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Group that led charge against gay marriage changes tack

Oregon Family Council files measure to protect people who decline services for same-sex ceremonies for religious reasons.


Oregon Family Council, the conservative Christian group that helped lead the 2004 campaign to bar same-sex marriage in Oregon, is turning its attention in a new direction.

The East Portland group filed a state ballot initiative Thursday, Nov. 21, that would guarantee the right of people and businesses to refrain from participating in or supporting ceremonies for same-sex civil unions, domestic partnerships or marriages, if those violate their religious beliefs.

The group calls the measure the Protect Religious Freedom Initiative.

The measure is a response to public penalties and lawsuits brought against bakers, florists and photographers in Oregon, Washington, Colorado and New Mexico who refused to play roles in same-sex ceremonies for civil unions, domestic partnerships or marriages, says Teresa Harke communications director for Oregon Family Council.

People who are opposed to same-sex unions are afraid to speak their mind, even when it’s based on religious convictions, Harke says. “They’ve almost been beaten down to the point where they’re afraid to speak out,” she says.

The Oregon Family Council previously established a political committee called Protect Marriage Oregon. That’s designed to be a vehicle to oppose a likely November 2014 ballot measure that would enshrine the right to same-sex marriage in the Oregon Constitution. That campaign, if successful, would reverse the 2004 constitutional amendment barring same-sex marriage that Oregon Family Council championed.

However, the Protect Marriage Oregon committee is still somewhat of a placeholder group, and it’s unclear what groups will support it, and to what extent, Harke says.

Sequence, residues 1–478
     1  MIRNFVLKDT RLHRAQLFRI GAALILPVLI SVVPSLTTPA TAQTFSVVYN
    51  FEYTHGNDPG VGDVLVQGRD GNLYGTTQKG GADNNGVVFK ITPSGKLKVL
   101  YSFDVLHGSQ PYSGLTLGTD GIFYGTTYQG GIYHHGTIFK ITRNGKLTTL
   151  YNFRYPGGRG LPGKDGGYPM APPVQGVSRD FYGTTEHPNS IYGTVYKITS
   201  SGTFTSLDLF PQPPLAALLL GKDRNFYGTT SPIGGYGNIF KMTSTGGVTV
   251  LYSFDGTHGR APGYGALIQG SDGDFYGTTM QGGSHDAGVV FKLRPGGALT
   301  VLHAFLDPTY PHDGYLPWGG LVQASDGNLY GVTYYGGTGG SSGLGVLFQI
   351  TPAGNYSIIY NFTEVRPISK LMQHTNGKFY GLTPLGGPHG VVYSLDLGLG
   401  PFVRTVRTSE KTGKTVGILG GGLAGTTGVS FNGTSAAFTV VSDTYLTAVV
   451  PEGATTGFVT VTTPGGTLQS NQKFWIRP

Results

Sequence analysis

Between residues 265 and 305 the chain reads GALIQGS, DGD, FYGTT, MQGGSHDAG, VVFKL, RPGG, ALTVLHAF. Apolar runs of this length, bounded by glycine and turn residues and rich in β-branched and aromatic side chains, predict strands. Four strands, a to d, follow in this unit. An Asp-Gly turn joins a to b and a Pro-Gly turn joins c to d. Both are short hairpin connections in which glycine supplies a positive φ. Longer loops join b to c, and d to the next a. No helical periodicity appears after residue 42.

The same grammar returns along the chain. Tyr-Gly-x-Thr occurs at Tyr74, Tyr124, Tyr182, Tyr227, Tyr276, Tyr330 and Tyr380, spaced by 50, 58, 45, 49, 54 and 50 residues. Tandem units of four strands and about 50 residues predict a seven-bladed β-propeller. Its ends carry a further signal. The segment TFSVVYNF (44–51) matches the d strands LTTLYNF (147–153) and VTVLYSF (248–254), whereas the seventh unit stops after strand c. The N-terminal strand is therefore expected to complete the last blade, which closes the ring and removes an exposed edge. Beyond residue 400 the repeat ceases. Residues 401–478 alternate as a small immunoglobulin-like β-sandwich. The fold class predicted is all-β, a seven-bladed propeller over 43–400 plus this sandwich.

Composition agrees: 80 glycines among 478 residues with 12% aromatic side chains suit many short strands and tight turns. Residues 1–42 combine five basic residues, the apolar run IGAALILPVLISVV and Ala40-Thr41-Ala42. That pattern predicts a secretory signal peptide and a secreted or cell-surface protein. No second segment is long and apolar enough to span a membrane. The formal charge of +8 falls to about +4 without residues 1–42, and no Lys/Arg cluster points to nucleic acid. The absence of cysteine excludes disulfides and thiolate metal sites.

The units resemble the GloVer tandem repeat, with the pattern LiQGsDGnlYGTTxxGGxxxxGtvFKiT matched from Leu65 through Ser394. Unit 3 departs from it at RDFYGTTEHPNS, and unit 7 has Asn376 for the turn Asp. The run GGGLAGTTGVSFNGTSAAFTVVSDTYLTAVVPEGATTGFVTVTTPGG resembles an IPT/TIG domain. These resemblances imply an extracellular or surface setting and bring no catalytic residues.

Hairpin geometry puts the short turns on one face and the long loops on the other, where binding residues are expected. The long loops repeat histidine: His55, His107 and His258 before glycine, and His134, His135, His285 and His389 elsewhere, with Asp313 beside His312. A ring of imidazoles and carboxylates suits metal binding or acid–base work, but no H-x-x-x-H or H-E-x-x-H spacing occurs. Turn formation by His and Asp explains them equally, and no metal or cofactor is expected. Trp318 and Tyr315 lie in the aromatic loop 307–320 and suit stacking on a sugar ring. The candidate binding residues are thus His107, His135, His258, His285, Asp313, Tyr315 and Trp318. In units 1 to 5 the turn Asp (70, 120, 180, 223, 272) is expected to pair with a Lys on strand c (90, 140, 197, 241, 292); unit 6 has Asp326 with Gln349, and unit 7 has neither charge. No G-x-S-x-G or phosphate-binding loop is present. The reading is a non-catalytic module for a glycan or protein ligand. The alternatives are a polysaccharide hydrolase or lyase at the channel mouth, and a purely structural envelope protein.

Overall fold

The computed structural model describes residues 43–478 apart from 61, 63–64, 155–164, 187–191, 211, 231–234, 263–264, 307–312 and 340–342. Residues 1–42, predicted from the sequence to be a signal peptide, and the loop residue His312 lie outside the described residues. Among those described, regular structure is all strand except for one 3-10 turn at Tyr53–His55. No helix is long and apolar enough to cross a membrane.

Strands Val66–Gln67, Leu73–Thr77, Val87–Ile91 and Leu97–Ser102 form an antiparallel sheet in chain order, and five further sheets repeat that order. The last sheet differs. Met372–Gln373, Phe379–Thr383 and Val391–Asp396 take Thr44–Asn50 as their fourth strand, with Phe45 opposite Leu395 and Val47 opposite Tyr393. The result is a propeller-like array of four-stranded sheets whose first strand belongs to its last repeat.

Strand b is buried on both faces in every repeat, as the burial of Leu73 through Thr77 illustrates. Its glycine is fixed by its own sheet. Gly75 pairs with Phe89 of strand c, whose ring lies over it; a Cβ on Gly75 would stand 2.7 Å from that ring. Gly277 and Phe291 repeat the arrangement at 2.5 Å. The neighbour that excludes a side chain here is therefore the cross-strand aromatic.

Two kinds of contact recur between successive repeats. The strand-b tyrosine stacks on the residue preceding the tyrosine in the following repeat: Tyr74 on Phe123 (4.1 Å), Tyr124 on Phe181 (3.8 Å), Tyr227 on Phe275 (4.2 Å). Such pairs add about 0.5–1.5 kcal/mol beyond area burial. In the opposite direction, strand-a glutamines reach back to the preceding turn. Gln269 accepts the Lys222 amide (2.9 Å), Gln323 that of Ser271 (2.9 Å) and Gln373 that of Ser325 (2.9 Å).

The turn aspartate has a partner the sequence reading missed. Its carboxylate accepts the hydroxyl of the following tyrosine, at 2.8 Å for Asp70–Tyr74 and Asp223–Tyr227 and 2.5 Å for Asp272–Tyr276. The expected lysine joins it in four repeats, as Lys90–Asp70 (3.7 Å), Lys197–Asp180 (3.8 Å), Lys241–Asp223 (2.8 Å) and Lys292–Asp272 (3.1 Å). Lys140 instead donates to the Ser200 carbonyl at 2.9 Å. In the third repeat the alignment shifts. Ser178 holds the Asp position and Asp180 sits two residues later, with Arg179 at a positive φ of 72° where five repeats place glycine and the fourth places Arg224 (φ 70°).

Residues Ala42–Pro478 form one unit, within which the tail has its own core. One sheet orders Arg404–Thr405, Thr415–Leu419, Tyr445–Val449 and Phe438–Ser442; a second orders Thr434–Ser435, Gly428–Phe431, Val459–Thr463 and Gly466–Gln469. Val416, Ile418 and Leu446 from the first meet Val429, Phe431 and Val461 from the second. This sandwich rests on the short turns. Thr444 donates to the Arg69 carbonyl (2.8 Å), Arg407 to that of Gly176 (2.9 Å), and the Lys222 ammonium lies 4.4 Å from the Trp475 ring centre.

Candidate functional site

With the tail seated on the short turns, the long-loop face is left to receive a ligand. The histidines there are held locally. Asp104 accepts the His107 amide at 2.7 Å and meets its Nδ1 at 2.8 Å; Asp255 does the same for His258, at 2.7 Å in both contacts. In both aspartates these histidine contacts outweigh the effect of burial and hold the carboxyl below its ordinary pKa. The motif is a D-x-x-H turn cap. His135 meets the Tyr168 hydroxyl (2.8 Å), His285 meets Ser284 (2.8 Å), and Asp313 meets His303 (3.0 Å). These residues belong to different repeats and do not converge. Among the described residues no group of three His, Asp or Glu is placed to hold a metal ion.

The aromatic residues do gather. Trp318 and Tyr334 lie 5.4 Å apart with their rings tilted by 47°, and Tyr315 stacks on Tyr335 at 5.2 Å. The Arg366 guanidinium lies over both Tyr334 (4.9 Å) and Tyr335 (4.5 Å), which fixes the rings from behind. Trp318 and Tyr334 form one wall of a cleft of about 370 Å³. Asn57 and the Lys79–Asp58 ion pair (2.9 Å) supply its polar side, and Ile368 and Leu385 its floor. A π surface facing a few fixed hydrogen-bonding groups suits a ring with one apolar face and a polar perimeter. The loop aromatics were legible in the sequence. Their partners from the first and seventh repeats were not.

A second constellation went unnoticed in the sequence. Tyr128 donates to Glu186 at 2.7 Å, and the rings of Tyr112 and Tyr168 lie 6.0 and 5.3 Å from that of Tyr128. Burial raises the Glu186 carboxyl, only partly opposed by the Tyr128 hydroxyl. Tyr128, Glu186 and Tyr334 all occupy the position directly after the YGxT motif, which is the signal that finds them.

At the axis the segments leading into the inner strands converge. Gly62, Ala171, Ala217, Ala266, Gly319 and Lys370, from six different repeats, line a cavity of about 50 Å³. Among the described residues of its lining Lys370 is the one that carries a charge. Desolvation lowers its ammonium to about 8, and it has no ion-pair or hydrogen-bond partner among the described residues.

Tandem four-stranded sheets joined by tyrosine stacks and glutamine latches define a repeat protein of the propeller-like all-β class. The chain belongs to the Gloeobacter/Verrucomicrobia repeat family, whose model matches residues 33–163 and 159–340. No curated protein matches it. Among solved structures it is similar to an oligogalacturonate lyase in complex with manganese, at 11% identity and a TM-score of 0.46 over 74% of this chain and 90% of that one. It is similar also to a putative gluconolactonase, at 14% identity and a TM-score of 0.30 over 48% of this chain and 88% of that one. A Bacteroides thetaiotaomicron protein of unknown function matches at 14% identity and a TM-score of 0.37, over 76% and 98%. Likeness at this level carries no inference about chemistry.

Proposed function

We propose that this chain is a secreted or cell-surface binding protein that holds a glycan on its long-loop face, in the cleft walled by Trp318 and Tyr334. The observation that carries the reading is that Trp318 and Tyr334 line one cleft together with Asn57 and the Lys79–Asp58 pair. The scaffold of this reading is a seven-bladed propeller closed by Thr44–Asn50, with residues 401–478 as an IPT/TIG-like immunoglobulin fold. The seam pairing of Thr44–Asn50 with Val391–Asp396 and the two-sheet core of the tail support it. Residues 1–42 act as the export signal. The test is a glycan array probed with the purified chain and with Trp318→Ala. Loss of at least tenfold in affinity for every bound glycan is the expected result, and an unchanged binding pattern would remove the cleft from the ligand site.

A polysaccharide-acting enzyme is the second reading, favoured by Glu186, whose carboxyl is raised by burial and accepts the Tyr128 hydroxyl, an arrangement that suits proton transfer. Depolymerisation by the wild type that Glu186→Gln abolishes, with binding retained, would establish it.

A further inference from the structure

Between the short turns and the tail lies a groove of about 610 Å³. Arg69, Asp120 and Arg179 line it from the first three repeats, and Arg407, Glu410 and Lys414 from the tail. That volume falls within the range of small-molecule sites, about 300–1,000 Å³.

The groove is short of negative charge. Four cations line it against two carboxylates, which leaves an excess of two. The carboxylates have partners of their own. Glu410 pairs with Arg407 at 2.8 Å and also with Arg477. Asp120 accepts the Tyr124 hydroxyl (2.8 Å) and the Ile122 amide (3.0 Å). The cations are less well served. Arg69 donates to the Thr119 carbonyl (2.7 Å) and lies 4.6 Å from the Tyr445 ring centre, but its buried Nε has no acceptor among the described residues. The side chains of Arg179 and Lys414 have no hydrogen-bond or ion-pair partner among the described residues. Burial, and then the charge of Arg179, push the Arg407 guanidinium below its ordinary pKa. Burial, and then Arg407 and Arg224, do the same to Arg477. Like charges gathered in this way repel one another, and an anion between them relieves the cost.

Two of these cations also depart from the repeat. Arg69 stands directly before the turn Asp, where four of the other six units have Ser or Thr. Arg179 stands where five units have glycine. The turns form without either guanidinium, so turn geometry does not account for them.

“As the Oregon Family Council, our focus is going to be the Protect Religious Freedom Initiative,” she says. “That’s kind of our primary concern now.”

Some might view the shift in Oregon Family Council as further evidence that the political pendulum on gay rights has swung in Oregon.

The most recent polls show 54 percent of Oregon voters now support same-sex marriage. And religious conservatives who oppose same-sex marriage note their side was vastly outspent in the 2012 campaign in Washington, when voters approved same-sex marriage.

“They know what they’re up against, and we know what we’re up against,” Harke says.

Recent judicial decisions, including the U.S. Supreme Court decision overturning the Defense of Marriage Act, have “taken the wind out of the sails of those who believe marriage is between one man and one woman,” says Tim Nashif, who led the successful 2004 campaign against gay marriage as political director of Oregon Family Council.

Nashif, who is no longer on the group's staff but still serves on its board, says the political climate is different now.

If you poll religious conservatives now, gay marriage doesn’t appear on their top list of concerns, Nashif says.

“Whatever happens in 2014, our belief in traditional marriage was extended another decade,” he says. “The next big battle is going to be religious liberties in Oregon.”